Get Up and Running with Svelte on the Internet Computer
- written by Roland BOLE (Instructor)
In this article you will learn how you can get up and running with Svelte on the Internet Computer. It also describes some basic terms of the Internet Computer.
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Let’s start with the basics and some terms.

What is the Internet Computer ?

The Internet Computer is a general-purpose blockchain that provides a public platform for hosting tokens and decentralized applications (dApps). It acts as a complete technology stack, allowing systems and services to be built that run entirely from the blockchain. Some of its key characteristics include being very fast, cheap to host smart contracts, governed by on-chain governance and upgrades, and environmentally friendly.

The Internet Computer is a blockchain that enables developers, organizations, and entrepreneurs to build and deploy secure, autonomous, and tamper-proof canisters, an evolution of smart contracts. It provides a globally-accessible, public blockchain for running smart contracts at web speed, that can serve interactive web content to users. It runs a secure cryptographic protocol operated by node machines in independent data centers all over the world, guaranteeing the secure execution of smart contracts. It is a network of independent blockchains, known as subnets, connected using chain-key cryptography that can scale out its capacity as required.

For end-users, the experience of interacting with a decentralized application on the Internet Computer is the same as it is on a public or private cloud. For the people creating and managing those services, the Internet Computer eliminates many of the costs, risks, and complexities associated with developing and deploying modern applications and microservices. It supports interoperability, shared functions, permanent APIs, and ownerless applications, persists data automatically in memory, and simplifies the technology stack that IT organizations need to integrate and manage.

What is a Canister ?

A canister, in the context of the Internet Computer, is a computational unit that bundles together both code and state. It’s essentially a form of smart contract, but with additional capabilities that makes it suitable for building internet-scale services. Canisters can define functions that can be called by external services, such as browsers or mobile apps, or that can be called by other canisters.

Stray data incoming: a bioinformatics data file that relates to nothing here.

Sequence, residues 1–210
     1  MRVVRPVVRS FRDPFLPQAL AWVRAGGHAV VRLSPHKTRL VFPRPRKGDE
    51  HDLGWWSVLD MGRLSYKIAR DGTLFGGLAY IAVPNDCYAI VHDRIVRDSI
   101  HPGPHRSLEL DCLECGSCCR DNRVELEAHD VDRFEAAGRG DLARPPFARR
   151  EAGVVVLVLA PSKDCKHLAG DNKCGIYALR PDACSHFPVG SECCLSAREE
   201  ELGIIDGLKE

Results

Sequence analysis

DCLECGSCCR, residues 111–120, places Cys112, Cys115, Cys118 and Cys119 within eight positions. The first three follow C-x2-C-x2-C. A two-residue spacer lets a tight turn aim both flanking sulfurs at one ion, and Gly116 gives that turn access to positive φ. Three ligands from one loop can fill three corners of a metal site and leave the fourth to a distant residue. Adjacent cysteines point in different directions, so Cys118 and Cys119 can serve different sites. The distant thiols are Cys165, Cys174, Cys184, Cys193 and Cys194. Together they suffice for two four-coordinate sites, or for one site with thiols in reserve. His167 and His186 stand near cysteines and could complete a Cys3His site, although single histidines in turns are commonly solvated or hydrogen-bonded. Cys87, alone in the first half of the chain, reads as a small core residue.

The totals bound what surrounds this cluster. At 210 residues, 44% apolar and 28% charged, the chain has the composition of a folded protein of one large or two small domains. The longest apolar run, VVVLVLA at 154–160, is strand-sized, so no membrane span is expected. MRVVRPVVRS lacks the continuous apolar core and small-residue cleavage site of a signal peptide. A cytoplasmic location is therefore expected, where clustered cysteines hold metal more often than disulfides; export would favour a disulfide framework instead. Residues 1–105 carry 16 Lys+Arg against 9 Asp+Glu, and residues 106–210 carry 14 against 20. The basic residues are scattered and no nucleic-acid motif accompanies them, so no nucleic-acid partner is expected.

What is Svelte ?

Svelte is a modern JavaScript framework used for building user interfaces. It shifts the work typically done at runtime to compile time, producing highly optimized and efficient code.

Unlike other frameworks that run in the browser, Svelte compiles components into highly optimized JavaScript at build time, resulting in smaller bundle sizes and improved performance during runtime. It simplifies development by providing a declarative syntax for building reactive UI components while aiming to reduce the amount of code developers need to write.

The Svelte Starter

There are several starter kits out there that help you get started. Some are official ones provided by the Dfinity foundation in their official repository on Github and some are from enthusiastic developers like me.

According to latest developer notes, starter kits for several popular frontend frameworks will be provided in the near future included in the dfx new command.

However, it’s not the worst thing to know what goes on behind the scenes and how the individual components are connected.

This Svelte starter kit presented here gives a ready to use environment to get you up and running with Svelte on the Internet Computer.